Few places in the U.S. are as well suited to developing renewable energy as the contaminated sites known as “brownfields.” But as communities from Philadelphia to California are discovering, government support is critical to enable solar and wind entrepreneurs to make use of these abandoned lands.
Solar power is helping out the environment in more ways than one. In addition to producing green electricity, solar energy is helping to cure brownfields, or industrial or commercial properties that have been compromised by environmental contamination. The worst of these plots of tarnished land have been designated for special attention by the EPA as part of the
The New Jersey cities of Trenton, Jersey City, Newark, and Camden are set to receive a total of $2.3 million dollars from the US Environmental Protection Agency (EPA) to help them assess and clean up contaminated and abandoned sites. The funding will be channeled through the EPA’s Brownfields Program. The clean up projects will help revitalize commercial and industrial properties by removing the toxic pollution that has hindered their redevelopment.
A brownfield site, or brownfield as it is commonly called, is a piece of land that was formerly used for industrial or commercial purposes, but is now abandoned or underused. Brownfield sites are perceived to be contaminated with low concentrations of hazardous waste, but have the potential to contain high concentrations of such waste. The pollutants are usually petroleum products often leaked from underground storage tanks or buried drums, but may include a number of toxic chemicals and organic compounds.
The Brownfields Program has been in existence since the EPA designated its first brownfield site in 1993 in Cuyahoga County in Ohio. Brownfields hold a special status because even though they are contaminated, they are not quite so bad to be included on the EPA’s National Priorities List, otherwise known as Superfund. The Brownfields Program does have a number of benefits including the following:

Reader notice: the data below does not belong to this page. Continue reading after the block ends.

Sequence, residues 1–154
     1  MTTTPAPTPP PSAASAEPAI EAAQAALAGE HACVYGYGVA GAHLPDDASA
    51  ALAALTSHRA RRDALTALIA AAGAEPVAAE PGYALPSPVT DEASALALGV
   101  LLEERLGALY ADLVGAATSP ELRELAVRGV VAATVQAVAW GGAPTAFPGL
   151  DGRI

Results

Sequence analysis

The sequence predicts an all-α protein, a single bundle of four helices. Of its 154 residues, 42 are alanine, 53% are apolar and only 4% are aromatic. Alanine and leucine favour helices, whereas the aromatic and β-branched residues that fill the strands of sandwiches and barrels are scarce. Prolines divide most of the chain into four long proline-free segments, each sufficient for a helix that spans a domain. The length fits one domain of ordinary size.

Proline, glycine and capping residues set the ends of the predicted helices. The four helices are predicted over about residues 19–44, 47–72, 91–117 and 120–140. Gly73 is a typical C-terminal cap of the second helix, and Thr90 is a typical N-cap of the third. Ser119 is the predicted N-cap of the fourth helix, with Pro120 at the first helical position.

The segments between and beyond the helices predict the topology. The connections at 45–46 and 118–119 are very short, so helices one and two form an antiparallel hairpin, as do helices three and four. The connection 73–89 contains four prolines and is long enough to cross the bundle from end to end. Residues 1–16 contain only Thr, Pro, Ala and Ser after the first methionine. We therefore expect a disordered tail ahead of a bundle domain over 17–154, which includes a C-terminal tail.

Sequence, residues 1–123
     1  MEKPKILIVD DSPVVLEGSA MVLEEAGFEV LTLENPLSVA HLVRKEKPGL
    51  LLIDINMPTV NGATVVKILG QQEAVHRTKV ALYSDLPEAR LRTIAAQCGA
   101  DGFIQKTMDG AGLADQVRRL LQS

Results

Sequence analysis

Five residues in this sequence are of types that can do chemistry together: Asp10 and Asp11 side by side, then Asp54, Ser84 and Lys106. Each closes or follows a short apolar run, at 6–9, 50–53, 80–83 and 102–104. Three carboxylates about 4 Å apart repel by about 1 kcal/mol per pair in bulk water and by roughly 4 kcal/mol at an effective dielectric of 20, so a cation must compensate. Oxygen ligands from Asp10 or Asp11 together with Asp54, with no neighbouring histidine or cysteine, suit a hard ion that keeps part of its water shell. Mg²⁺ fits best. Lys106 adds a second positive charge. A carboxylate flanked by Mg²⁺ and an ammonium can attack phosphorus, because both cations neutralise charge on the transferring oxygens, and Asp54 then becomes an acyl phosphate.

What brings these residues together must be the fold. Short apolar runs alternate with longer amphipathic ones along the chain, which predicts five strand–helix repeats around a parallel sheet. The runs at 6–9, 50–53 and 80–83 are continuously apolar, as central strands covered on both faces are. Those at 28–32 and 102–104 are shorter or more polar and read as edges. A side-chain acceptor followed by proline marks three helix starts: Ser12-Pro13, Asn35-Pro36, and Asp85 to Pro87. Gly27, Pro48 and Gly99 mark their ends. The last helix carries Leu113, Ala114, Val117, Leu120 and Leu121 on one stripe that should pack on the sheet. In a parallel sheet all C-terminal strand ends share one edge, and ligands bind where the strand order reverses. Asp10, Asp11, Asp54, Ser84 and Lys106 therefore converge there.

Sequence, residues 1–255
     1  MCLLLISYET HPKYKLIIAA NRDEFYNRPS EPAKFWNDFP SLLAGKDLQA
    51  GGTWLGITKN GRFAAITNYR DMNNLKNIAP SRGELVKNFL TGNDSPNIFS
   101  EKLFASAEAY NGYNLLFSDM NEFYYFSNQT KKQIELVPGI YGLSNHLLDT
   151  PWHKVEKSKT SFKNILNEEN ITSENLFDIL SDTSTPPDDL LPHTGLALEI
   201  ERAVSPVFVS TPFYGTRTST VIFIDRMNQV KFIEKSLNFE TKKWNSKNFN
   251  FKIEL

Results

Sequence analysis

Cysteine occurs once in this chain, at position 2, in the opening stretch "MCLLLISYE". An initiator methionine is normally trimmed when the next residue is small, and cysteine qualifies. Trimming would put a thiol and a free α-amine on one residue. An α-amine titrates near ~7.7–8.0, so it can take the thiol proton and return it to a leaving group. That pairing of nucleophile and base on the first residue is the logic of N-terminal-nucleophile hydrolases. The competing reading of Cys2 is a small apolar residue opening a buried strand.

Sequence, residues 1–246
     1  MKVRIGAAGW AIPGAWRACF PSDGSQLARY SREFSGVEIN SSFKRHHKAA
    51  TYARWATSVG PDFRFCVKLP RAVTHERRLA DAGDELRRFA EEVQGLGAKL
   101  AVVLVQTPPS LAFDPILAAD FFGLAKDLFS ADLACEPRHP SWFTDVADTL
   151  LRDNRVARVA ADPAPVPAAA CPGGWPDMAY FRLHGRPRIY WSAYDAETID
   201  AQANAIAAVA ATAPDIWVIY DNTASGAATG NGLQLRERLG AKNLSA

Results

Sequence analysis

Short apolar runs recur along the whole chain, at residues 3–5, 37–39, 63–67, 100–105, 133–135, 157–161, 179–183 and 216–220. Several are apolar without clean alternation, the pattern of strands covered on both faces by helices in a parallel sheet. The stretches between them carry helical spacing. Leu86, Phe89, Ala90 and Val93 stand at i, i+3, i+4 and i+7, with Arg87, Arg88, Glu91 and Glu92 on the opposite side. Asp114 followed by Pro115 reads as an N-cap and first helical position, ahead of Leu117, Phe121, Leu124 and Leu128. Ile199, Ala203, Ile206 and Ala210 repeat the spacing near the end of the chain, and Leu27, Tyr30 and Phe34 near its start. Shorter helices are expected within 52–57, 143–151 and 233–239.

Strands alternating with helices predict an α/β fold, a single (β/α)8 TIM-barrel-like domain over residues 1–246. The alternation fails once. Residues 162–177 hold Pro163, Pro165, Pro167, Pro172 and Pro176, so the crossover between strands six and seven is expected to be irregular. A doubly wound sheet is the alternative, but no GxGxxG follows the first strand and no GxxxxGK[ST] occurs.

The U.S. Environmental Protection Agency has selected $78.9 million in brownfields grants to communities in 40 states, four tribes, and one U.S. Territory. This funding will be used for the assessment, cleanup, and redevelopment of brownfields properties, including abandoned gas stations, old textile mills, closed smelters, and other abandoned industrial and commercial properties.
The brownfields program encourages redevelopment of America’s estimated 450,000 abandoned and contaminated waste sites. As of March 2010, EPA’s brownfields assistance has leveraged more than $14 billion in cleanup and redevelopment funding.
In total, the EPA is selecting 304 grants through the Brownfields Assessment, Revolving Loan Fund, and Cleanup Grants programs:
The U.S. government has identified 4,100 contaminated industrial sites, covering more than 5 million acres, suitable for building wind, solar, and geothermal power installations.
With concern about renewable energy projects being built on pristine lands, the construction of wind and solar arrays on idle industrial “brownfields” could be an ideal solution, according to federal officials.
The Daily Climate reports that the U.S. Environmental Protection Agency and the National Renewable Energy Lab will begin conducting detailed studies of some sites this month and will hold five workshops with state and local leaders, renewable energy developers, and conservation groups to discuss constructing alternative energy installations on brownfields.